Panel Paper: An Empirical Analysis of Capital Assets Condition in Local Governments: The Case of Florida Counties

Saturday, November 10, 2018
Truman - Mezz Level (Marriott Wardman Park)

*Names in bold indicate Presenter

Xiaoheng Wang, University of Illinois, Chicago and Can Chen, Florida International University

The economic competitiveness and social well-being of the United States are dependent upon the availability, accessibility, and quality of core public infrastructure systems ranging from highways, airports, drinking water, local energy production plants to public schools and healthcare facilities. In 2014, state and local governments across the country spent $400 billion in total on core public infrastructure (U.S. Census 2017). In 2018, The Trump Administration calls for the federal government to spend $200 billion to spur $1.5 trillion in infrastructure investment from state/local governments and the private sector. Given that subnational public capital outlay is relatively large and that public infrastructure is vital to the country’s socio-economic environment, understanding how public capital spending decisions are made and how the theory and lessons learned can be applied to practice is extremely important.

In current academic literature, there is a growing number of empirical studies examining the determinants of capital outlays at the state and municipal governments (Fisher & Wassmer 2015; Bates & Santerre 2015; Srithongrung 2017; Scott, Moldogaziev, & Greer 2017). However, research about capital investment on U.S. counties is lacking. To fill this void, this study is an attempt to contribute to our understanding of why some American county governments devote more resources to investment in physical capital assets than others. Drawing from classic public finance theories (the median voter model and the interest group model), this research first constructs a theoretical model to understand the political economy of public capital asset investment and then empirically investigates the economic, fiscal, political, and institutional factors underlying the decisions for capital investment across Florida county governments. Three financial indicators from the annual Comprehensive Annual Financial Reports (CAFRs) are used to measure county government investment in capital assets, including the level of the net value of total depreciable capital assets, capital asset condition ratio (accumulated depreciation divided by capital assets being depreciated), and capital asset sustainability ratio (capital expenditure on replaceable assets divided by depreciation expenses). The panel data consists of 67 Florida counties from 2003 to 2015. Data is obtained from the Florida Department of Financial Services’ Local Government Financial Reports, the Florida Department of State’s Division of Elections, and the University of Florida’s Bureau of Economic and Business Research. The methods of a panel two-way fixed effects and a dynamic panel GMM estimation are utilized.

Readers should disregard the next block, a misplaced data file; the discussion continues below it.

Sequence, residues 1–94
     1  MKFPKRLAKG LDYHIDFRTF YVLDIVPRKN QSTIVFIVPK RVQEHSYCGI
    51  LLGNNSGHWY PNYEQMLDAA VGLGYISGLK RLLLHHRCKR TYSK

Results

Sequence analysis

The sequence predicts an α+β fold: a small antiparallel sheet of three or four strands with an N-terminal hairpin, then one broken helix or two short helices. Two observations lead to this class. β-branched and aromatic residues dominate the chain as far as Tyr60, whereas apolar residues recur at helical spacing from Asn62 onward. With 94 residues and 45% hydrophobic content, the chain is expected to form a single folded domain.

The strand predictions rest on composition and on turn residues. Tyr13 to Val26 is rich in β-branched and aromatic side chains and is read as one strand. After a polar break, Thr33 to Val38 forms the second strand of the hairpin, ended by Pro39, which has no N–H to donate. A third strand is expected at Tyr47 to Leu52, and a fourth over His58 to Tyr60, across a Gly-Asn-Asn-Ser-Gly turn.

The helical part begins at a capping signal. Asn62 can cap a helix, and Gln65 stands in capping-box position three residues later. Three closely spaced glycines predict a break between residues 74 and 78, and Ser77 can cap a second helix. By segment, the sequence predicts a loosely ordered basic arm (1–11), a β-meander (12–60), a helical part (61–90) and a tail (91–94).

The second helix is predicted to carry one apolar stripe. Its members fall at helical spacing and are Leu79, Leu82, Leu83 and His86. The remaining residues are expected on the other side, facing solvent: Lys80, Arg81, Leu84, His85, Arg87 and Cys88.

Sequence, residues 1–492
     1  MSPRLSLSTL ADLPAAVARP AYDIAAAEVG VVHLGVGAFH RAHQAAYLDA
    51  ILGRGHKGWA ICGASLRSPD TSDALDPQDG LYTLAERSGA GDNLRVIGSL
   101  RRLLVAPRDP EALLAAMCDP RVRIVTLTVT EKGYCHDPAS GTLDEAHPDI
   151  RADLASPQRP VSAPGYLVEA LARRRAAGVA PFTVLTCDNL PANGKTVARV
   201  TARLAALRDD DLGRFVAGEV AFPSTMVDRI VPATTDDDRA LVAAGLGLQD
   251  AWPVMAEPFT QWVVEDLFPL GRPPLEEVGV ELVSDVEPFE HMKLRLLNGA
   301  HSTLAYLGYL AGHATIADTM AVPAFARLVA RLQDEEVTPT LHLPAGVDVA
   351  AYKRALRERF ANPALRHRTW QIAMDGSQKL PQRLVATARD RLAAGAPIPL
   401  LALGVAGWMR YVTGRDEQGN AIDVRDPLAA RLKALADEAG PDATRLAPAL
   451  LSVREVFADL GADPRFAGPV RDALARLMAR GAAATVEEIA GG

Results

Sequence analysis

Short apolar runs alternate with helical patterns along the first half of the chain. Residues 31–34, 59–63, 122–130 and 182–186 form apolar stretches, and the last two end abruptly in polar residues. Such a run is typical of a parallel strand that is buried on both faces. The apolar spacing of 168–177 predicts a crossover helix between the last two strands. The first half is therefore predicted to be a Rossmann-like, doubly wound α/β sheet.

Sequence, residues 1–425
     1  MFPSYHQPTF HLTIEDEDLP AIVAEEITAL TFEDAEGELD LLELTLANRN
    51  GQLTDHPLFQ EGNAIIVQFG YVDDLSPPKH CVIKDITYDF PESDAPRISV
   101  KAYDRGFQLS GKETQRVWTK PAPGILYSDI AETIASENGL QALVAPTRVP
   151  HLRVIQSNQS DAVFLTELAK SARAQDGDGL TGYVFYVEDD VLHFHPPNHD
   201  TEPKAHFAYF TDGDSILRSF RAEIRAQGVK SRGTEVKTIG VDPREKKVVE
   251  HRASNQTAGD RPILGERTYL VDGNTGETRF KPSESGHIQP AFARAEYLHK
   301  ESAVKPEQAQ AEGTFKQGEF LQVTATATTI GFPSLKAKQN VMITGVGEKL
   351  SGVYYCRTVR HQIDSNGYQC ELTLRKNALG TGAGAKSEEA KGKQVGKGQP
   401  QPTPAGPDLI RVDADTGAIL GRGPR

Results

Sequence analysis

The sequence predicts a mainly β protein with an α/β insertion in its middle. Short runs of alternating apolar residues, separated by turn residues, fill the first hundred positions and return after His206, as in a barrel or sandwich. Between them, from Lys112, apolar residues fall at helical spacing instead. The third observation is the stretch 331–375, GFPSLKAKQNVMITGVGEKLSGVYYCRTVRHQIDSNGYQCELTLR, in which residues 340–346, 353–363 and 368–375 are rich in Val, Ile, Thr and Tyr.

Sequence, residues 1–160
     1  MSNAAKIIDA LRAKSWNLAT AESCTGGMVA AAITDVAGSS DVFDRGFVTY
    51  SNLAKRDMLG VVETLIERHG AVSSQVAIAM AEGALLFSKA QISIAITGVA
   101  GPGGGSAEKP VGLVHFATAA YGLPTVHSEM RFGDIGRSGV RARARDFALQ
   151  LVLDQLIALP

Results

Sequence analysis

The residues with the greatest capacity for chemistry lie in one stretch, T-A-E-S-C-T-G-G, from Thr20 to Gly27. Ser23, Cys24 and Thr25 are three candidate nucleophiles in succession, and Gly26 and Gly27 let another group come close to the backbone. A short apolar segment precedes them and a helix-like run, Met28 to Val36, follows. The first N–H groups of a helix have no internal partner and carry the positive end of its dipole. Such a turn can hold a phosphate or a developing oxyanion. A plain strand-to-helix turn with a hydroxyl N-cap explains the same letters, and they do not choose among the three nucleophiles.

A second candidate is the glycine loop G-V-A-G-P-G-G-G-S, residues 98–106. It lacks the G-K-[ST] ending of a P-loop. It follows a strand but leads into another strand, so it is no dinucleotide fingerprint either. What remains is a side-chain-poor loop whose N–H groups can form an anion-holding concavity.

This study contributes to the extant literature of capital finance in three key ways. First, it examines the determinants of capital asset investment in a new institutional context—American county governments, which are once considered the “forgotten governments” of local government research (Menzel et al. 1992) and play an important role in financing local capital assets. Second, this study utilizes a new approach to measure county government capital investments based on the government-wide financial statements. Third, it provides policy recommendations for county public officials who are considering to maintain and upgrade their capital asset conditions.